Heat wave to make its way across Western Canada, could reach Sask. Monday

Record-breaking heat soon to grip parts of Western Canada is expected to make its way toward Saskatchewan in the coming days.

'Huge ridge of upper high pressure is building,' warns Environment Canada

Western parts of Saskatchewan could see a heat wave beginning Monday. (Charles Contant/CBC)

Record-breaking heat soon to grip parts of Western Canada is expected to make its way toward Saskatchewan in the coming days.

This cause is a "heat dome" moving in from the Pacific Ocean to the coast of British Columbia. Environment and Climate Change Canada Meteorologist Terri Lang said this dome is created by "a huge ridge of upper high pressure" that will strengthen as it builds over Western Canada.

Areas of B.C. will see record-breaking heat, with temperatures into the mid 40s this week. As the system moves across Alberta the temperatures will be in the mid to high 30s.

Lang said Saskatchewan is "on the edge of this ridge, so western parts of Saskatchewan will be hotter than eastern sections." She said it won't feel like a burst of heat, but rather a more gradual onset. The current long range forecast is calling for temperatures to be consistently into the low 30s for about seven days, starting on Monday.

Unusual for this time of year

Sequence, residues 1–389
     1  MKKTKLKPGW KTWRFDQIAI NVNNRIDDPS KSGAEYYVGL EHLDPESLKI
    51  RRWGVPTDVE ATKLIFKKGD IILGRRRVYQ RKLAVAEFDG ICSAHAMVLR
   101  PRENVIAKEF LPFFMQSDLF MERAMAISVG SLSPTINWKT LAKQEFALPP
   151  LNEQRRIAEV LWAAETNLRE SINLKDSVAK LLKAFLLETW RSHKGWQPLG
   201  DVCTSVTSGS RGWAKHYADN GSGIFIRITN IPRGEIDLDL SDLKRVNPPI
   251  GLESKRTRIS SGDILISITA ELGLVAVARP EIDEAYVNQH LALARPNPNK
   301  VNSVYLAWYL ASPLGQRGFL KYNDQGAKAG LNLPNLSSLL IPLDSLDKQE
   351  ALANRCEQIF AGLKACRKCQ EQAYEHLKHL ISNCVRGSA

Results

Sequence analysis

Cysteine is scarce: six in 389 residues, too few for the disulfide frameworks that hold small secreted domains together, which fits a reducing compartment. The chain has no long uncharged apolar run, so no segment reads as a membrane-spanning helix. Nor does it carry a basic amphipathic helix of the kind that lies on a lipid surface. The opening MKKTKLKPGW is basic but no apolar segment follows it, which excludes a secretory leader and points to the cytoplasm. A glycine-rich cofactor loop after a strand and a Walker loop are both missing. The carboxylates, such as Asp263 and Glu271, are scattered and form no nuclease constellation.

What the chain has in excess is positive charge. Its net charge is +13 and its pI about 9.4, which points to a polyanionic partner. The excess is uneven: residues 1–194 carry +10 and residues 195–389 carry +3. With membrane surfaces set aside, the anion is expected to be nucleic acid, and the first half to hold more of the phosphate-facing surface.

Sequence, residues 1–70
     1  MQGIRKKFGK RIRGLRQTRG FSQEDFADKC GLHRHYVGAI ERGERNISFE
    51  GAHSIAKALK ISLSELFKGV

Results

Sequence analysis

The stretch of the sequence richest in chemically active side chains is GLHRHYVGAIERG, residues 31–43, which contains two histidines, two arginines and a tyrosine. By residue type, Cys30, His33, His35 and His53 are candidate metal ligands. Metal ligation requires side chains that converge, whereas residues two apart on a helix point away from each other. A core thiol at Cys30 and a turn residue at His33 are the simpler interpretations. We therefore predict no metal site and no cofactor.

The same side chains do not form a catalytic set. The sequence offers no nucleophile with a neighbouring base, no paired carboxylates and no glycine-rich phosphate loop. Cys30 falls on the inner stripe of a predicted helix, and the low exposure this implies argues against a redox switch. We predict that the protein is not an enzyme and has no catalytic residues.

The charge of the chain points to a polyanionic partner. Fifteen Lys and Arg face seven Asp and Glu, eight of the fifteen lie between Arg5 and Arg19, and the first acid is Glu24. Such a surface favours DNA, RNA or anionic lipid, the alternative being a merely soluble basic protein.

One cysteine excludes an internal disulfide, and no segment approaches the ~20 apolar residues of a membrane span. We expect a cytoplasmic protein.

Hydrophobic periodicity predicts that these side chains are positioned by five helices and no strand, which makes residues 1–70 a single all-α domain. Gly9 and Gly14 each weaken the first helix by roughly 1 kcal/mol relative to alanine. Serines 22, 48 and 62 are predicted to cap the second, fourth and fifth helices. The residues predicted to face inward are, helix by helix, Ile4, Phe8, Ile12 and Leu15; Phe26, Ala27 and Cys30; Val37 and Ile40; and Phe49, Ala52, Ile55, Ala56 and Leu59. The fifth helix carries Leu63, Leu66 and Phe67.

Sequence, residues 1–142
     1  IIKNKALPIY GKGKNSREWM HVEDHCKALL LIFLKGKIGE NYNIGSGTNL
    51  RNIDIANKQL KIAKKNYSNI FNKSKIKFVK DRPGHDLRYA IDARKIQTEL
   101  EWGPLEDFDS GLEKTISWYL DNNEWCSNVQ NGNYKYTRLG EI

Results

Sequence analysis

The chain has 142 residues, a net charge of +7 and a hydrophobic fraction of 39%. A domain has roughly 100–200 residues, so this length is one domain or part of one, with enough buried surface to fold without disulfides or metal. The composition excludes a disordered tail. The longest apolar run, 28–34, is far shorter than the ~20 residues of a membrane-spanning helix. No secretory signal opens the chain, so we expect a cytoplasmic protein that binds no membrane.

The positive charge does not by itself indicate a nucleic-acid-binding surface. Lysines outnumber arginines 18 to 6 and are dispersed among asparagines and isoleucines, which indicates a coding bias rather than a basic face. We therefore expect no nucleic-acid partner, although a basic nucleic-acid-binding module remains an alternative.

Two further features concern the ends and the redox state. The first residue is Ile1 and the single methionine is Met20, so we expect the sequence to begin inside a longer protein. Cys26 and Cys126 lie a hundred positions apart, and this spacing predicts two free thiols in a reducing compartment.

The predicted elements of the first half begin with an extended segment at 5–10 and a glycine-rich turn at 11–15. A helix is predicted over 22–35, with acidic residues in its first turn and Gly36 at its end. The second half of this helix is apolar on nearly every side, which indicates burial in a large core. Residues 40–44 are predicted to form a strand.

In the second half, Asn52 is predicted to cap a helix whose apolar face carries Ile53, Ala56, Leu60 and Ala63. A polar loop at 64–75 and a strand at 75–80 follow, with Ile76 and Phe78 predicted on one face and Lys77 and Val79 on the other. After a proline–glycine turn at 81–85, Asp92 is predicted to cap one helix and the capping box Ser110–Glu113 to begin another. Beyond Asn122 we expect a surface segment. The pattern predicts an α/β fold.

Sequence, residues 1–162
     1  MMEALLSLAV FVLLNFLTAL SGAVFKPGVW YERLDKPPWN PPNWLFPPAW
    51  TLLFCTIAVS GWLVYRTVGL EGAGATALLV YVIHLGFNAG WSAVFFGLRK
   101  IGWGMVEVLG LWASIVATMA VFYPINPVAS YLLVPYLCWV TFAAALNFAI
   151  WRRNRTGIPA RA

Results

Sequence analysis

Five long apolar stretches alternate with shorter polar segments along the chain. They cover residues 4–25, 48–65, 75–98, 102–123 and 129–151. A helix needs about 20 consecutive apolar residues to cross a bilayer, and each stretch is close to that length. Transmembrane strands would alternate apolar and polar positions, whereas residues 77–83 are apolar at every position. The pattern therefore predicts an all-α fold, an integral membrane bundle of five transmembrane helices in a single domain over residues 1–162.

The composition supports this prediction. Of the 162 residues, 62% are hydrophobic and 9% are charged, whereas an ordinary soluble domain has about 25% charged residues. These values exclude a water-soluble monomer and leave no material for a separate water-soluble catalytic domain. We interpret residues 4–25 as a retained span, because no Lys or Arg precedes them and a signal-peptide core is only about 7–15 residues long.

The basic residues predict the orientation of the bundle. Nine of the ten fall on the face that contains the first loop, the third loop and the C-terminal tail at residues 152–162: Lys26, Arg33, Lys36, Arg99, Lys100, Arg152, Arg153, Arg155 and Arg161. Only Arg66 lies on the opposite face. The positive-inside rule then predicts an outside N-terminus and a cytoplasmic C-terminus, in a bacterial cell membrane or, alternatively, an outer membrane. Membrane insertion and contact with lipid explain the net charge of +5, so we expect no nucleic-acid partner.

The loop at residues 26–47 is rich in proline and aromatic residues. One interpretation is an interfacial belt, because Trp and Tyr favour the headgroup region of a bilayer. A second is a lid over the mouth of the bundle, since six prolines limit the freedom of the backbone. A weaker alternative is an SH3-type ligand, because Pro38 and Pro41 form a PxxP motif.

"These ridges of high pressure are not unusual and they set up a couple of times every summer.  What is unusual is how early this pattern has set up," Lang said.

Heat waves such as these are typical in the back end of July and August, whereas June is generally cooler and wetter.

'The air in the heat dome itself is very dry and very stable,' says Lang. (Mark Milleker, Regina )

Risk of Severe Weather

"The heat acts like a big dome – weather patterns are deflected up and over it," Lang said. "The air in the dome itself is very dry and very stable, meaning there are generally no clouds, no thunderstorms, no precipitation under the dome." 

Lang said that during heat waves such as these, we see "dry thunderstorms," which are storms that produces lightning but no rain. These can cause forest fires.

Drought risk rises

The rapid drying will deplete any moisture that remains from the rain received earlier in the month. Areas along the southern border of Saskatchewan in both the southeast and southwest are already in an "extreme drought risk."

"Research indicates that the health effects of heat build up over time. The longer the event goes on, the more effects there are to our health," Lang said. 

Try to avoid activities in the hottest parts of the day, which are usually around 4 to 5 p.m., hydrate constantly, seek cool places and take extra caution for children, the elderly and your pets.